In general, the DOL’s regulations provide that an employee may not take paid sick leave under the Families First Act as a result of a governmental quarantine or isolation order, a self-quarantine order or where an employee is experiencing COVID-19 symptoms and seeking a medical diagnosis, if the employee is able to telework. However, if an employee is unable to telework and is awaiting results of a COVID-19 test, he or she may receive paid sick leave while awaiting the test results, regardless of the severity of the symptoms. And if an employee tests positive for COVID-19, he or she may take paid sick leave under the Act regardless of the severity of their symptoms, provided that a health care provider advises the employee to self-quarantine.

Under the Act, “telework” means that an employer has work for the employee; the employer permits or allows the employee to perform the work while the employee is at home or at a location other than the employee’s normal workplace; and there are no extenuating circumstances, such as serious COVID-19 symptoms, that prevent the employee from performing the work.

Payroll Tax Credits

Under the Families First Act, employers receive refundable payroll tax credits for the full amount of all qualified sick and family leave wages paid to employees, plus the amount of allocable qualified health plan expenses and the employer’s share of Medicare tax imposed on those wages (collectively, “Qualified Wages and Expenses”).[6] Note that Qualified Wages and Expenses do not include the employer portion of social security tax, as qualified benefits are not subject to this tax. On April 1, the Internal Revenue Service (IRS) released a series of FAQs expounding on these refundable tax credits.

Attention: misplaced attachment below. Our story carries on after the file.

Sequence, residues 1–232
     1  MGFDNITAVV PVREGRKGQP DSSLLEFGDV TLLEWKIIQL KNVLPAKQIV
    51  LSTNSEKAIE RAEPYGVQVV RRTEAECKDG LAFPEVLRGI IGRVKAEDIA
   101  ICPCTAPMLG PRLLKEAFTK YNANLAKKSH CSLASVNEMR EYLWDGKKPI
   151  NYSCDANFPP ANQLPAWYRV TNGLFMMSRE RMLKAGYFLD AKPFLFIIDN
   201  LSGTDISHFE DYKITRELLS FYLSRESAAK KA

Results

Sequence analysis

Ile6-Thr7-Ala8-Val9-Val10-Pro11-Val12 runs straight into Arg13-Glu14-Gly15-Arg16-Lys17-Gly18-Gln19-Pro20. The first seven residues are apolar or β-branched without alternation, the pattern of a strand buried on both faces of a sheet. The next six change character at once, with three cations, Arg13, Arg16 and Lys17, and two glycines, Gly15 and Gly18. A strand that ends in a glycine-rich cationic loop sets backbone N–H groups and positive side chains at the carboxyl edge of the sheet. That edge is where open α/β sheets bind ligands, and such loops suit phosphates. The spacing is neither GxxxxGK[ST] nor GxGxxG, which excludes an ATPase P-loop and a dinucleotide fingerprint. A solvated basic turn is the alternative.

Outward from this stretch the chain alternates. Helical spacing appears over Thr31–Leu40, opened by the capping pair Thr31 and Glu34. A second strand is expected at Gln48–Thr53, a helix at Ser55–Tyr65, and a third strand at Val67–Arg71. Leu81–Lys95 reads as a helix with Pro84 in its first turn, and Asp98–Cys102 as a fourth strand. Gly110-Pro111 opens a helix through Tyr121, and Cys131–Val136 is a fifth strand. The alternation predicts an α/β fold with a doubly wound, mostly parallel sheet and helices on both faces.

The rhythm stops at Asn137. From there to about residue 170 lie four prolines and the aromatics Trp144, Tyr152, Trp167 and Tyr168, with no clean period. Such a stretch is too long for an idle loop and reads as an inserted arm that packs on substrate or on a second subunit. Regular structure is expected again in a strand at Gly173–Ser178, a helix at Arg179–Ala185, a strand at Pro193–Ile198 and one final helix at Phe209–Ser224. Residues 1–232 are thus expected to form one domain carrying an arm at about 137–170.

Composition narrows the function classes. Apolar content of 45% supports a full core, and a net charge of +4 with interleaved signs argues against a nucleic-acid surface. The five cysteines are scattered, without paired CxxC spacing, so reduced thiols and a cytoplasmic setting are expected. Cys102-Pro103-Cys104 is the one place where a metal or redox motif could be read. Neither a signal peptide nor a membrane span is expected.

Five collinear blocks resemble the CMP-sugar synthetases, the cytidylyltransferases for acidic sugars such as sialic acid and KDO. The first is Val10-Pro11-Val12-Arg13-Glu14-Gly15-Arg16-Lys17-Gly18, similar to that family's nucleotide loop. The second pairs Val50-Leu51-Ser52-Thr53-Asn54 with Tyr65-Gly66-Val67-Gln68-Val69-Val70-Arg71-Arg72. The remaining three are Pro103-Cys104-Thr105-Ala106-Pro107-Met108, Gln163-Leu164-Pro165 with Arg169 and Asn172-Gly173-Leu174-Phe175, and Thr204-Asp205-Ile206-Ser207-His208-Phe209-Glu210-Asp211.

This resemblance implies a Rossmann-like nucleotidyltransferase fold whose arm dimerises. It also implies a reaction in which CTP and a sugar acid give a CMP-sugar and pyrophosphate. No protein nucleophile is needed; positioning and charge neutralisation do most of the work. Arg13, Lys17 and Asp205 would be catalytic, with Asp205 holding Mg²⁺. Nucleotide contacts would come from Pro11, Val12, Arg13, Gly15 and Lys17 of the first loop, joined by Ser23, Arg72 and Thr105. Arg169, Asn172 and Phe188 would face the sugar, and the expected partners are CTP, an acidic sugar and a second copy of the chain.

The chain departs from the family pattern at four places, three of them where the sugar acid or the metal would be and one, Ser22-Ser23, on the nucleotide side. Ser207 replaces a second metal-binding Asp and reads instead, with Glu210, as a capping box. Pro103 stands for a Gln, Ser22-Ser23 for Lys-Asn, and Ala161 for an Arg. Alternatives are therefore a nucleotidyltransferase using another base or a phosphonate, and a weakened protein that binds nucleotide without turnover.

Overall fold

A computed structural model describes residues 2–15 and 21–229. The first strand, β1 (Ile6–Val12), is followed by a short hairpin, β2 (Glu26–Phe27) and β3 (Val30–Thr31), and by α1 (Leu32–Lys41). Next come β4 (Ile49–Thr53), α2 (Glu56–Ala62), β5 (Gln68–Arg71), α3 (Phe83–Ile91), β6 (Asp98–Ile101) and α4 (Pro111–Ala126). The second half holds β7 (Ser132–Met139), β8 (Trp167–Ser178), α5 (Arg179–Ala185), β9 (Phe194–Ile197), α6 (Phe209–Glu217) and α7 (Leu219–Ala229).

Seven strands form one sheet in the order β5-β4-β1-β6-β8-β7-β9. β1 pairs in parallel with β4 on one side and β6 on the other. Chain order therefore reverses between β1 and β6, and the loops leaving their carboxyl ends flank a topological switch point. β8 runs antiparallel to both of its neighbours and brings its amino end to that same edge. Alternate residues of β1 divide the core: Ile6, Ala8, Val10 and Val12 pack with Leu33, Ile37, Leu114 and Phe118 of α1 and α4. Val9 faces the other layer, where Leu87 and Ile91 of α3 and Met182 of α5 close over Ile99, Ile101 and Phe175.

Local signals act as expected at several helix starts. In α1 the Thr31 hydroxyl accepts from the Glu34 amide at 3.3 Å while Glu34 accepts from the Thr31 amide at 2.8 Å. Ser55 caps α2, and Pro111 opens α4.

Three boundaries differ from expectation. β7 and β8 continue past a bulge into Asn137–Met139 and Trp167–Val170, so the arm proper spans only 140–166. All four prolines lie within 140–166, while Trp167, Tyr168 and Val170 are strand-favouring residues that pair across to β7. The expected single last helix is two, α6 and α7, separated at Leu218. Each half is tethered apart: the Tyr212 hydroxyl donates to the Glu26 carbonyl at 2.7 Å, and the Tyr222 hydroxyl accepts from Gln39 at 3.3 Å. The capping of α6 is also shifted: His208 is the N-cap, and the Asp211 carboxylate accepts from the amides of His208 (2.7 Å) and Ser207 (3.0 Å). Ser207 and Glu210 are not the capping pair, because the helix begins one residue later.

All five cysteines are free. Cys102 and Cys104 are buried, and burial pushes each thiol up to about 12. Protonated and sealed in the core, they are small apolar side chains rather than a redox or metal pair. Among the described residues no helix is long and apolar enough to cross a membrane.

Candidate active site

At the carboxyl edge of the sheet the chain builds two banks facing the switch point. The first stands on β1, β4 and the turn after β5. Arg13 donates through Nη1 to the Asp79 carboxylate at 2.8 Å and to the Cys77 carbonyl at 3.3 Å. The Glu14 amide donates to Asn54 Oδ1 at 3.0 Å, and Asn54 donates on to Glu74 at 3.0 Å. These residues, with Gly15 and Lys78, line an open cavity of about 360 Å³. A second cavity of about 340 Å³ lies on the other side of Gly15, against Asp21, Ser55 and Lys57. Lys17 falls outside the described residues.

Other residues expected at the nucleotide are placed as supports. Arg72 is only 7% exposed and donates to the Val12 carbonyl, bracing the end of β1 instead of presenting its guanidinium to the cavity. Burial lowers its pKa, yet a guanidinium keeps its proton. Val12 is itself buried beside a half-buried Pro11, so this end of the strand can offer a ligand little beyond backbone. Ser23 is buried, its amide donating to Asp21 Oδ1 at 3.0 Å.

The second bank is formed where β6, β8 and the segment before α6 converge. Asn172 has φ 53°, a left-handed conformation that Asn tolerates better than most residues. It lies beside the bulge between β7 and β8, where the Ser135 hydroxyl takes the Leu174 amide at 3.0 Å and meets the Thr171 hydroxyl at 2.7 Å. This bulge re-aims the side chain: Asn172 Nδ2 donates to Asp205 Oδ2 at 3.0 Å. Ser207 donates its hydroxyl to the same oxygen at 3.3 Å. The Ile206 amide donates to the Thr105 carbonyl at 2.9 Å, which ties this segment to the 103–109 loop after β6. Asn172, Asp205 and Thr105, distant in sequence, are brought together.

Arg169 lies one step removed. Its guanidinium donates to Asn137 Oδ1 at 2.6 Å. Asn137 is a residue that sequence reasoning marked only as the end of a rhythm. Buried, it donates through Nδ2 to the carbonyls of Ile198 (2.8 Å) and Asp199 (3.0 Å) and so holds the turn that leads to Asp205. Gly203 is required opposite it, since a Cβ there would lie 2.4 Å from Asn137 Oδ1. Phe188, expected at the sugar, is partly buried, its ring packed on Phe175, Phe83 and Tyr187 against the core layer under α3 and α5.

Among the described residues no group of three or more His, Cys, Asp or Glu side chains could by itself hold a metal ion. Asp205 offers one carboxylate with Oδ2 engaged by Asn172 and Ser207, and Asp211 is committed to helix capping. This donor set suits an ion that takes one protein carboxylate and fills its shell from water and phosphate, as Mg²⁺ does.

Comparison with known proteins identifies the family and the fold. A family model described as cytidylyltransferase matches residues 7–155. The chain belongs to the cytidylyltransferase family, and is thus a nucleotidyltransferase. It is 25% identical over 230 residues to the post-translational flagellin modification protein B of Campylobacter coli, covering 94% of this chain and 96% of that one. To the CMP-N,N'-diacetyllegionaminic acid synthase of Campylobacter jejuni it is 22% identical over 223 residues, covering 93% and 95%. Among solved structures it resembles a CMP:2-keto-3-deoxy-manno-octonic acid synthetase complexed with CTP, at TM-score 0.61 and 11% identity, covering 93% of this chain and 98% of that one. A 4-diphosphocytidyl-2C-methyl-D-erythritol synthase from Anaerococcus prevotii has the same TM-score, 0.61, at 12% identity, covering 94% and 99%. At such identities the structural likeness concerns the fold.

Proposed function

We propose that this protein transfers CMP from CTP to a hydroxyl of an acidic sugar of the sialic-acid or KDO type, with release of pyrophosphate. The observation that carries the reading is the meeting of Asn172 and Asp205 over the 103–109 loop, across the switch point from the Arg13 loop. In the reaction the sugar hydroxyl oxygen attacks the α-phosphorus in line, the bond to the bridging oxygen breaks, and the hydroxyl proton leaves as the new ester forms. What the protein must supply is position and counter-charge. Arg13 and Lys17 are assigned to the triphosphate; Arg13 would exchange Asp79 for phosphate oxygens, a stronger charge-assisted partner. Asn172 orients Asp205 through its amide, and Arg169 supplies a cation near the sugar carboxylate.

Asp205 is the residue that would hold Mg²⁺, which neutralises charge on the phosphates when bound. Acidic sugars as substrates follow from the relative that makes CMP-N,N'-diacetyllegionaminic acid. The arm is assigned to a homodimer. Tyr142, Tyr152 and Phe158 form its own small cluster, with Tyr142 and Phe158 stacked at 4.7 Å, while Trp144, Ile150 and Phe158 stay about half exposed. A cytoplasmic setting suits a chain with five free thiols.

Typically, employers are required to deposit funds with the IRS to cover the cost of federal employment taxes owed. Any late deposits result in a penalty for the employer. However, under the Act, employers may retain these funds without penalty (including withholdings for employee taxes and all portions of employer payroll taxes), in lieu of depositing the funds with the IRS, up to the full amount of the Qualified Wages and Expenses. The employer would later account for the reduced deposit when it files Form 941, its quarterly federal tax return. If the funds available for retention do not account for the total amount of the Qualified Wages and Expenses, the employer may file a request for an advance credit from the IRS on Form 7200.

The IRS has provided the following example: an eligible employer paid $5,000 in Qualified Wages and Expenses and is otherwise required to deposit $8,000 in federal employment taxes, including taxes withheld from its employees, during that same quarter. The employer may keep $5,000 of the $8,000 that the employer would otherwise deposit with the IRS, instead depositing only $3,000, and will not owe a penalty for retaining the $5,000. The employer will later indicate on its Form 941, Employer’s Quarterly Federal Tax Return, for the quarter that it paid $5,000 in Qualified Wages and Expenses.

See our client publication “IRS Provides Guidance Permitting Employers To Immediately Receive COVID-19-Related Tax Credits” for additional information.

Notice Requirements

The Families First Act requires each covered employer to post a notice of the Act’s requirements by April 1, 2020. On March 25, 2020, the DOL published a model notice, as well as related guidance for employers. As so many are currently teleworking, an employer may satisfy this notice requirement by emailing or directly mailing the notice to employees, or posting the notice on an employee information or external website.